I actually love Valentine’s Day. Growing up, it was always a friendship and family holiday for me. My parents gave me candy and a card (they still send me a Valentine’s Day package each year), and my friends and classmates gave each other those cartoon cards. As such, I never found it overly mushy, or felt anything against it; even though I was always single on Valentine’s Day until I met my husband. I still like to get cards for my friends, and candy for myself. And yes, I did intentionally release Without Condition close to Valentine’s Day because of its dark romantic nature.

 

Who is your favorite character in Without Condition? What’s your favorite thing they say in the novel (no need for context!)?

 

I like pretty much everyone (except Amanda and Mr. Murphy), but if I had to pick a favorite, it’d probably be Jackson. My favorite thing he says — the gravity of which will make more sense in context — is, “You would?”

 

What is your favorite line in Without Condition?

 

“She couldn’t help but think of Jackson as a small boy feeding a bobcat in his backyard, trusting that this wild animal would always be his pet.”

 

What do you hope readers experience when they read this novel?

 

This is always kind of hard for me to answer, because I don’t want to guide people’s feelings when they read my work (beyond what I establish in things like the book description). That said, I hope people will consider the sources of darkness, of what horrifies them, and what’s unsettling them as they read. I consider the serial killer aspect to be the surface — it’s horrifying, but there are also more dark and terrible things below that surface, some of which we might be uncomfortably more familiar with.

 

What are you currently working on? What’s next for you?

 

Right now, I’m finishing some short stories that I’m including in my next short story collection, currently titled “Little Paranoias: Stories.” It will include my flash fiction, some longer pieces, and a little poetry. Once I send the manuscript to my editor, I’m going to take a crack at my third novel.

 

You can purchase your copy of Without Condition HERE

 

About Sonora:sonora-taylor-26771109472762677651.jpg

Sonora Taylor is the author of The Crow’s Gift and Other Tales, Please Give, and Wither and Other Stories. Her short story, “Hearts are Just ‘Likes,’” was included in Camden Park Press’ Quoth the Raven, an anthology of stories and poems that put a contemporary twist on the works of Edgar Allan Poe. Her work has also been published in The Sirens Call and Mercurial Stories. “The Crow’s Gift” will be featured on the horror podcast “Tales to Terrify” later in 2019. Her second novel, Without Condition, is now available on Amazon. She lives in Arlington, Virginia, with her husband.

Find Sonora Online:

Website: https://sonorawrites.com
Twitter: https://twitter.com/sonorawrites
Instagram: https://www.instagram.com/sonorataylor/
Facebook author page: https://www.facebook.com/sonorawrites/
Goodreads: https://www.goodreads.com/author/show/17015434.Sonora_Taylor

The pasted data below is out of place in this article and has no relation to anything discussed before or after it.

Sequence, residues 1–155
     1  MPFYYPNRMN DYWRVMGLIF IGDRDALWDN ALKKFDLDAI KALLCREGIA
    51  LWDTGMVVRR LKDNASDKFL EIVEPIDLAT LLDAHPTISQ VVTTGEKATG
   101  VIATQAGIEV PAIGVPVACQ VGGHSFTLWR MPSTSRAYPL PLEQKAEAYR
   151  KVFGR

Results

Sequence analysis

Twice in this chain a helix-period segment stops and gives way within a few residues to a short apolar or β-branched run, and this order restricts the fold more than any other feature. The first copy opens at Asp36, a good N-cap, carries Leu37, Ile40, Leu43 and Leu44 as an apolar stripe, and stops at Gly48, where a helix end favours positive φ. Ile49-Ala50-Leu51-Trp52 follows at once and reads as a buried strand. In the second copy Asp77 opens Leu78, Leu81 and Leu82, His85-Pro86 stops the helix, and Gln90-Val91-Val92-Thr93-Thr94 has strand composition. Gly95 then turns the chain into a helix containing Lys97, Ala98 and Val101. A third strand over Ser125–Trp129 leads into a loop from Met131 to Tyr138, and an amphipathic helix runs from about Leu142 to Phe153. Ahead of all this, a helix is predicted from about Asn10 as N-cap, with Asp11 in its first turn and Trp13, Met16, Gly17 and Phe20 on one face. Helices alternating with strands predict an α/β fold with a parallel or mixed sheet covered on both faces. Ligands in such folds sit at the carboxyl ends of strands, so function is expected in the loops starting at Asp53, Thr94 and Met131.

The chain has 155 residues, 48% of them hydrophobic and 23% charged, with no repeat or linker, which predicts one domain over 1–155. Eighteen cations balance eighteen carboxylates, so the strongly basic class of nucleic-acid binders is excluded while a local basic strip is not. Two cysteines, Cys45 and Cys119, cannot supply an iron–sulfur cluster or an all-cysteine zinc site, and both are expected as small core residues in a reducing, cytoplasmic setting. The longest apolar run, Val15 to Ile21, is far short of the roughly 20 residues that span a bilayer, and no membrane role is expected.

Amazon author page: https://www.amazon.com/Sonora-Taylor/e/B075BR5Q7F/
Blog: sonorawrites.com/blog

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Getting Spooky with Quoth the Raven Contributor Sonora Taylor

sonora-taylor-2

To celebrate the release of Quoth the Raven, edited by Lyn Worthen and published by Camden Park Press, I’m getting cozy with my fellow anthology contributors to learn more about their stories and what inspires their dark little writers’ hearts.

Next, I’m interviewing Sonora Taylor, author of “Hearts are Just ‘Likes'” in Quoth the Raven.

Quoth the Raven celebrates the eerie and influential legacy of Edgar Allan Poe. What is it about Edgar Allan Poe’s work that speaks to you (perhaps from the grave)?

I love that his work focuses on a slow building of unease that culminates in terror, as opposed to jump scares, “Gotcha” endings, or supernatural creatures. I’ve read some great horror that incorporates those things, but the horror that sticks with me the most is atmospheric, slow-burn horror that’s rooted in reality – and if something otherworldly is present, it’s not the scariest part of the story.

Pick three adjectives to describe the story you wrote for Quoth the Raven.

Connected. Frenzied. Violent.

Imagine you’re in an old-timey elevator, a rickety one that boasts a well-worn, rusty cage. There’s a man in all black in the elevator with you, and he asks what your story is about. What do you tell him?

It’s an update on a story written when this elevator was likely constructed, and most of it takes place on this phone I’m going to use to call for help when the elevator likely breaks down.

Okay, I’m continuing with this scenario thing. It’s 1849, and you’re at a gathering of literature lovers, a salon, if you will. Across the room, you spy Edgar Allan Poe, and you simply must go over to him to compliment his work. What is the story or poem of his that you laud to excess? And why?

It’s “Hop Frog.” I love many stories by Poe, and think his talent for dark fiction is unique. But as dark and atmospheric and lovely as his works are, “Hop Frog” is the only one that scared me. I still remember everything about reading it: the one lamp on in my room, my old middle school room adorned with posters of JTT and Devon Sawa, the small font and the purple, glossy paperback cover of the book in my hands, and the imagery in my mind of a dwarf stringing up the king and his men in their orangutan costumes, sentencing them to their deaths in front of all of the king’s subjects with none of them the wiser. I had trouble going to sleep that night. I’d tell him all about that (and then explain who the men on the posters were).